Big East lunchtime links: Robinson bids adieu

Posted by ESPN.com's Brian Bennett

Greg Robinson had his final Syracuse press conference on Tuesday, Donnie Webb reports in the Syracuse Post-Standard. Among the highlights:

• "My stomach is sick," Robinson said. "I need relief. I need a pill, because I'm sick to my stomach that it's done. That's what I hate. Is what's in my gut. Shoot. That's the biggest regret. Pulling boxes into my office. That's ugly. It is."

• Robinson read parts of the children's story "The Little Engine That Could" to underscore the eternal optimism and hope that he has for the Orange. It also offered the one moment during the news conference when Robinson appeared to tear up. "I still think I can," Robinson said. "I do."

• He said if he had a do-over, he would have fought harder within the Syracuse administration to get quarterback Colt Brennan in school his first year. Brennan, who went on to star at Hawaii, had his admissions denied over past transgressions while a student at Colorado.

"He was coming," Robinson said. "I'd try and retool that. If our people knew me better like they do now, they'd say, go ahead, work with him."

• The approval of Nippert Stadium expansion sealed the deal for Brian Kelly to stay at Cincinnati, Bill Koch writes in the Cincinnati Enquirer. The school has yet to determine a cost estimate or how many seats will be added to the 35,000-capacity stadium. (Just a thought: a few hours after Kelly announced he was staying, word leaked out that Charlie Weis would be retained at Notre Dame. Coincidence?)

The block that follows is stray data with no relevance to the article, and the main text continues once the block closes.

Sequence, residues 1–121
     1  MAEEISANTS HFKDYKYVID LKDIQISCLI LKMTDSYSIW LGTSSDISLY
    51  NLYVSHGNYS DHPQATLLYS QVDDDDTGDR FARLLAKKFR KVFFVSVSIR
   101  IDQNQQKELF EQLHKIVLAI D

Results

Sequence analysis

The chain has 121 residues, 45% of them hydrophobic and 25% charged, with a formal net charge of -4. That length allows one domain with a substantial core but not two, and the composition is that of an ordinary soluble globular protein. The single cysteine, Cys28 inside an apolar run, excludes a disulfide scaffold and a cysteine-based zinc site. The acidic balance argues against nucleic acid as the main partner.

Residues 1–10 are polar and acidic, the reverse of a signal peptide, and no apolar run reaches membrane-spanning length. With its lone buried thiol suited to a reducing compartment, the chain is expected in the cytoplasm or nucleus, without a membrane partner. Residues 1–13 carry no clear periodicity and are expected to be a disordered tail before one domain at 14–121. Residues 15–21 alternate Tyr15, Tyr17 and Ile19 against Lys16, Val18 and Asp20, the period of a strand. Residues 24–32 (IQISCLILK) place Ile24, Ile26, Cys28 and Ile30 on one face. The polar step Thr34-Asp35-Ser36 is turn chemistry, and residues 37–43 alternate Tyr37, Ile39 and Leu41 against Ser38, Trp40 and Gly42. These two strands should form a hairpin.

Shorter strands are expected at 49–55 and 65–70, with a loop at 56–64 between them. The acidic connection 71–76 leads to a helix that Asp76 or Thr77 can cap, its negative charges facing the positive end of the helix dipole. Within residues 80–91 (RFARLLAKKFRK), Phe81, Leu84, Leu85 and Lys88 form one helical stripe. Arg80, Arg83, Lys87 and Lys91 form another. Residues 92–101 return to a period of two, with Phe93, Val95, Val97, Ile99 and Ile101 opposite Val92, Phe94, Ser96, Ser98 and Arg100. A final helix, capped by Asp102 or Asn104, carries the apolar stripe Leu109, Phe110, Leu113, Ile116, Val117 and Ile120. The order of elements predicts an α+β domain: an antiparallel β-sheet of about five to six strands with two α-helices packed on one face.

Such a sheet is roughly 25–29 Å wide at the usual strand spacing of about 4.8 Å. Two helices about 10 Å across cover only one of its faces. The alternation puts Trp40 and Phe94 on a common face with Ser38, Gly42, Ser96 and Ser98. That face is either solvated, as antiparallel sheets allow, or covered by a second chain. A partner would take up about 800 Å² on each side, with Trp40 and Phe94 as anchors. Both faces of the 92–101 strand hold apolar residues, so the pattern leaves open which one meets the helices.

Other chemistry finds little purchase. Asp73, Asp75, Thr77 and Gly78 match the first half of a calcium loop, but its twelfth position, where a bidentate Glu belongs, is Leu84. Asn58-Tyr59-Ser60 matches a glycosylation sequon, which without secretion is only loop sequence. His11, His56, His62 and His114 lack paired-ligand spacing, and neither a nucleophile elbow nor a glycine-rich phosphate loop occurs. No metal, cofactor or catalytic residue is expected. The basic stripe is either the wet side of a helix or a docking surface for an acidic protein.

• The Hartford Courant's Desmond Connor has more on UConn running back Andre Dixon's suspension after his DUI arrest.

• There should have been more this season for South Florida, Gary Shelton writes in the St. Petersburg Times. Jim Leavitt voted for Oklahoma over Texas and explains why.

• West Virginia coach Bill Stewart says Saturday's "White-Out" is for all the seniors, not just Pat White, Dave Hickman notes in The Charleston Gazette.

• Rutgers' seniors took a leap of faith when they signed on out of high school, and it's paid off, Aditi Kinkhabwala writes in the Bergen Record.

• Tight end Nate Byham might be one of Pitt's best offensive weapons even though he doesn't get many touches, Paul Zeise writes in the Pittsburgh Post-Gazette. In what hasn't been a very good year for tight ends in the league, Byham might make the All-Big East team.